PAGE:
Hot questions for Operating Immutable Collections in Guava

Top 10 Java Open Source / Guava / Operating Immutable Collections

Java 8 collector for Guava immutable collections?

Question: I really like Java 8 streams and Guava's immutable collections, but I can't figure out how to use the two together.

For example, how do I implement a Java 8 Collector that gathers stream results into an ImmutableMultimap?

Bonus points: I'd like to be able to provide key/value mappers, similar to how Collectors.toMap() works.

Answer: Since version 21, you can

.collect(ImmutableSet.toImmutableSet())
.collect(Maps.toImmutableEnumMap())
.collect(Sets.toImmutableEnumSet())
.collect(Tables.toTable())
.collect(ImmutableList.toImmutableList())
.collect(Multimaps.toMultimap(...))

Is guava's ImmutableXXX really immutable?

Question: I have been using guava for some time now and truly trusted it, until I stumbled of an example yesterday, which got me thinking. Long story short, here it is:

 public static void testGuavaImmutability(){
     StringBuilder stringBuilder = new StringBuilder("partOne");
     ImmutableList<StringBuilder> myList = ImmutableList.of(stringBuilder);
     System.out.println(myList.get(0));
     stringBuilder.append("appended");
     System.out.println(myList.get(0));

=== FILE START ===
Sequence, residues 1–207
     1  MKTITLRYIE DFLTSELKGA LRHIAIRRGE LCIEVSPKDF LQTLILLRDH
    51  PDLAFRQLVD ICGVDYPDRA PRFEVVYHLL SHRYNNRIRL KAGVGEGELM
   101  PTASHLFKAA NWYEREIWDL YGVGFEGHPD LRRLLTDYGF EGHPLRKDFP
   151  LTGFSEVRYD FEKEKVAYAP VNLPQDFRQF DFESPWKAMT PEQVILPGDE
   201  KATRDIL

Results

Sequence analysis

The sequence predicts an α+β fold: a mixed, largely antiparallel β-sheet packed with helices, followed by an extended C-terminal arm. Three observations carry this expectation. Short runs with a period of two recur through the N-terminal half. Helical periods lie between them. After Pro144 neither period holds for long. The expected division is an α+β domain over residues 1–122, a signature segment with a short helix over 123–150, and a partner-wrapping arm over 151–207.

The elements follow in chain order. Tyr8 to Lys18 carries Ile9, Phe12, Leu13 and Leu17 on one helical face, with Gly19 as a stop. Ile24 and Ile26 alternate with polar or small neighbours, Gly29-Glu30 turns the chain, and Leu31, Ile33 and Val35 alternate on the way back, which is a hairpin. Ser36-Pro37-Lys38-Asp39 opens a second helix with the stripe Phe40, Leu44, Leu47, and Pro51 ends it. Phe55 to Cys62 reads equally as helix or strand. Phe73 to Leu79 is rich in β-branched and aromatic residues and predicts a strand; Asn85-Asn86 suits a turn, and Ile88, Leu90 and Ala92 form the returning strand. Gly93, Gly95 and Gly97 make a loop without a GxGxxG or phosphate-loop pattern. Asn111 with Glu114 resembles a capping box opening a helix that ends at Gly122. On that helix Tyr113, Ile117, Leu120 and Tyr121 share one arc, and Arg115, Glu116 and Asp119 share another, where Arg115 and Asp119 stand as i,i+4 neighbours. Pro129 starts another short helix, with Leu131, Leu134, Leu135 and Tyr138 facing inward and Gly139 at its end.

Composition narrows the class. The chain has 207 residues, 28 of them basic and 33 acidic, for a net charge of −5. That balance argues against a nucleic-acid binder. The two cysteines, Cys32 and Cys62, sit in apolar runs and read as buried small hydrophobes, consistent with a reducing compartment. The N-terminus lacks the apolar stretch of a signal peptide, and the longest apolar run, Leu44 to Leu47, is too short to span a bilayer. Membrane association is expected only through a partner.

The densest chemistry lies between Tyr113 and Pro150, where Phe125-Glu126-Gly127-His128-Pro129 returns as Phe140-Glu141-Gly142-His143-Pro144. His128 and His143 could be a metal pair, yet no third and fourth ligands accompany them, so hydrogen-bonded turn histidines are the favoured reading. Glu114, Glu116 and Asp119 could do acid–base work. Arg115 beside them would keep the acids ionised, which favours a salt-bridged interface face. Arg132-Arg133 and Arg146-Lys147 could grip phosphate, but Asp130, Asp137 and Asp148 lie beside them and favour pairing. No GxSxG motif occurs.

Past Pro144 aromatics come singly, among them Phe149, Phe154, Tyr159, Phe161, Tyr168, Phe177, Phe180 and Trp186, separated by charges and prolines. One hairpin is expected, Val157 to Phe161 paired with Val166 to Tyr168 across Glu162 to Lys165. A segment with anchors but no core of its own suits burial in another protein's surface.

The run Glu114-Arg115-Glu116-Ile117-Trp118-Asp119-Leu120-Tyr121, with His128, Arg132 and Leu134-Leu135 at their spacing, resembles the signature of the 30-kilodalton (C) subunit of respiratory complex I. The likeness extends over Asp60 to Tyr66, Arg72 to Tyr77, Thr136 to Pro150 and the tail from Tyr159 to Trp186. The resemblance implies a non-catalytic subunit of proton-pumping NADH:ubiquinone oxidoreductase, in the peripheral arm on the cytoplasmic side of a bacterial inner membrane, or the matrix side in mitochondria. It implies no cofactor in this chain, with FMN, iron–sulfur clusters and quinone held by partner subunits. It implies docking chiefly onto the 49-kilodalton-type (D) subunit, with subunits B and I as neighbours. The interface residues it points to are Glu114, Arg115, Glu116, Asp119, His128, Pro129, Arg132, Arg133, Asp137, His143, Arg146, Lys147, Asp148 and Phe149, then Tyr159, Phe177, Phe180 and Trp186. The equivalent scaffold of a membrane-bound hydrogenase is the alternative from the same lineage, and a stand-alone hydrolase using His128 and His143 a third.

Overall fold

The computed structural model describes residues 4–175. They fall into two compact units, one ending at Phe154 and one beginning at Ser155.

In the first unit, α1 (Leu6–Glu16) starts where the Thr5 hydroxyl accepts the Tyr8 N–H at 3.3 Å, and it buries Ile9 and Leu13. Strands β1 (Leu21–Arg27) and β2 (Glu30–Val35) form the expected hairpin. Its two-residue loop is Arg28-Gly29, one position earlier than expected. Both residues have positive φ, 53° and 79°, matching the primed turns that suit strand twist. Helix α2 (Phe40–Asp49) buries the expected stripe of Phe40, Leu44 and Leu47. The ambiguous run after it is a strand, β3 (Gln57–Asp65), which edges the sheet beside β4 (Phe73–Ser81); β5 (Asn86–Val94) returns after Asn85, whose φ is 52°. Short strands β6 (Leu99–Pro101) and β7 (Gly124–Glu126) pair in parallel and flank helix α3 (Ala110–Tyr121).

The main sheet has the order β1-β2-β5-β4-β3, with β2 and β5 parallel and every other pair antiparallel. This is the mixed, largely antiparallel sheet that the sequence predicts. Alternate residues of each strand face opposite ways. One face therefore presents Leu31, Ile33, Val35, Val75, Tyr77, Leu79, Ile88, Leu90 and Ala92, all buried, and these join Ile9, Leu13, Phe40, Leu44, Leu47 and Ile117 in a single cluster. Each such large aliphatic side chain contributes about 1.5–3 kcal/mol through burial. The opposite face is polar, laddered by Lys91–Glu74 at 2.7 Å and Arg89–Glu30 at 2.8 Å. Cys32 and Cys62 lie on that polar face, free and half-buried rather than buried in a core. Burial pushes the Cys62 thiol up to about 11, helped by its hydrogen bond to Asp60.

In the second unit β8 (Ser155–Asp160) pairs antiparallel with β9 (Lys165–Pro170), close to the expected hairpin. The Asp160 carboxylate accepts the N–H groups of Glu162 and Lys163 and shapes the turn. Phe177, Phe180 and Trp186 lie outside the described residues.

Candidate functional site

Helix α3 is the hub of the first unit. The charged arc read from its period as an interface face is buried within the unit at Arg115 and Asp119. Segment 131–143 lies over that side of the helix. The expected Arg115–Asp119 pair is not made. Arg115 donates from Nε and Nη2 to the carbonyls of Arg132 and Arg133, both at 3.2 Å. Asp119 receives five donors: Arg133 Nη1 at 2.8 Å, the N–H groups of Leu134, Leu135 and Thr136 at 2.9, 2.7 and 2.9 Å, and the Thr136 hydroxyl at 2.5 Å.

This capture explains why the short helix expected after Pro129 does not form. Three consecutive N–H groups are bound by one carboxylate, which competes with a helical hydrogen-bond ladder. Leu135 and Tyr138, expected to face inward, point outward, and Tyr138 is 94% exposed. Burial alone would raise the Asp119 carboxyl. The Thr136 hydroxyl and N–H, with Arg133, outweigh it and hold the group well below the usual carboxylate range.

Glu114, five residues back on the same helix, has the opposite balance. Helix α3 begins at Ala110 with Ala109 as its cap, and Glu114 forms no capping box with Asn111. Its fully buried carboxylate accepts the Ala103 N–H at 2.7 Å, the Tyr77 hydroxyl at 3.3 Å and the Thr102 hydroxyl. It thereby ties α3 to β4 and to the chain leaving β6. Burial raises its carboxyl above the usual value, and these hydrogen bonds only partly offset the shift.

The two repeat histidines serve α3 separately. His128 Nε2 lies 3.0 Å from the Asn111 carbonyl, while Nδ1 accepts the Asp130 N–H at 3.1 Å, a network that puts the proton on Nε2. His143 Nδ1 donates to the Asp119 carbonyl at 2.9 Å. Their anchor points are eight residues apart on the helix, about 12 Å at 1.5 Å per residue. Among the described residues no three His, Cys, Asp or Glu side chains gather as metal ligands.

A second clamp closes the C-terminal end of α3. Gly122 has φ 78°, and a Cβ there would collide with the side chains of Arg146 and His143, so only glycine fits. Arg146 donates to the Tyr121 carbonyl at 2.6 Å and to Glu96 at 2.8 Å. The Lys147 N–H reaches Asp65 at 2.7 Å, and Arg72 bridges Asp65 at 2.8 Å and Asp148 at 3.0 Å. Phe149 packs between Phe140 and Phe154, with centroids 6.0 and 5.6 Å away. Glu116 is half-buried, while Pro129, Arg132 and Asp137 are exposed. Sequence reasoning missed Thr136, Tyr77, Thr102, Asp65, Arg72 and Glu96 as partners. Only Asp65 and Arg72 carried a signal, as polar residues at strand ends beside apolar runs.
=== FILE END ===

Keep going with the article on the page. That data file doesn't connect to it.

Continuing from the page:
}

After running this you can see that the value of an entry inside an ImmutableList has changed. If two threads were involved here, one could happen to not see the updated of the other.

Also the thing that makes me very impatient for an answer is that Item15 in Effective Java, point five says this:

Make defensives copies in the constructor - which seems pretty logic.

Looking at the source code of the ImmutableList, I see this:

SingletonImmutableList(E element) {
     this.element = checkNotNull(element);
 }

So, no copy is actually made, although I have no idea how a generic deep copy would be implemented in such a case (may be serialization?).

why are they called Immutable then?

Answer: What you're getting at here is the difference between immutable and deeply immutable.

An immutable object will never change, but anything that it refers to might change. Deep immutability is much stronger: neither the base object nor any object you can navigate to from it will change.

Each is appropriate in its own situations. When you create your own class that has a field of type Date, that date is owned by your object; it's truly a part of it. Therefore, you should make defensive copies of it (on the way in and the way out!) to provide deep immutability.

But a collection does not really "own" its elements. Their states are not considered part of the collection's state; it is a different type of class -- a container. (Furthermore, as you allude, it has no deep knowledge of what element type is being used, so it wouldn't know how to copy the elements anyway.)

Another answer states that the Guava collections should have used the term unmodifiable. But there is a very well-defined difference between the terms unmodifiable and immutable in the context of collections, and it has nothing to do with shallow vs. deep immutability. "Unmodifiable" says you cannot change this instance, via the reference you have; "immutable" means this instance cannot change, period, whether by you or any other actor.